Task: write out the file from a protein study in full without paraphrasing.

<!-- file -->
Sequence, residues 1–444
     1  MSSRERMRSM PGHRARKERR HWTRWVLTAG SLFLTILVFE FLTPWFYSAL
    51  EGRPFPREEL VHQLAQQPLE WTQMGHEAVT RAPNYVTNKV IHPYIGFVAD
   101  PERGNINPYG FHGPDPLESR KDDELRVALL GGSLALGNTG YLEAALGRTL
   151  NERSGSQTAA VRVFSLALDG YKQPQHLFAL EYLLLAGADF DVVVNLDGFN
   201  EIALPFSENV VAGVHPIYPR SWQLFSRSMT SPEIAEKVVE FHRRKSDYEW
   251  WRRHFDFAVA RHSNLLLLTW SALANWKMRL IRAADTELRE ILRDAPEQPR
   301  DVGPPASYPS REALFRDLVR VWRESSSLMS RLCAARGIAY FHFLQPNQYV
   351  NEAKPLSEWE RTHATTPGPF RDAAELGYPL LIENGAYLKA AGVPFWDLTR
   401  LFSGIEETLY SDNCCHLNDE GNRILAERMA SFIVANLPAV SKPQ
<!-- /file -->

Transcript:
Sequence, residues 1–444
     1  MSSRERMRSM PGHRARKERR HWTRWVLTAG SLFLTILVFE FLTPWFYSAL
    51  EGRPFPREEL VHQLAQQPLE WTQMGHEAVT RAPNYVTNKV IHPYIGFVAD
   101  PERGNINPYG FHGPDPLESR KDDELRVALL GGSLALGNTG YLEAALGRTL
   151  NERSGSQTAA VRVFSLALDG YKQPQHLFAL EYLLLAGADF DVVVNLDGFN
   201  EIALPFSENV VAGVHPIYPR SWQLFSRSMT SPEIAEKVVE FHRRKSDYEW
   251  WRRHFDFAVA RHSNLLLLTW SALANWKMRL IRAADTELRE ILRDAPEQPR
   301  DVGPPASYPS REALFRDLVR VWRESSSLMS RLCAARGIAY FHFLQPNQYV
   351  NEAKPLSEWE RTHATTPGPF RDAAELGYPL LIENGAYLKA AGVPFWDLTR
   401  LFSGIEETLY SDNCCHLNDE GNRILAERMA SFIVANLPAV SKPQ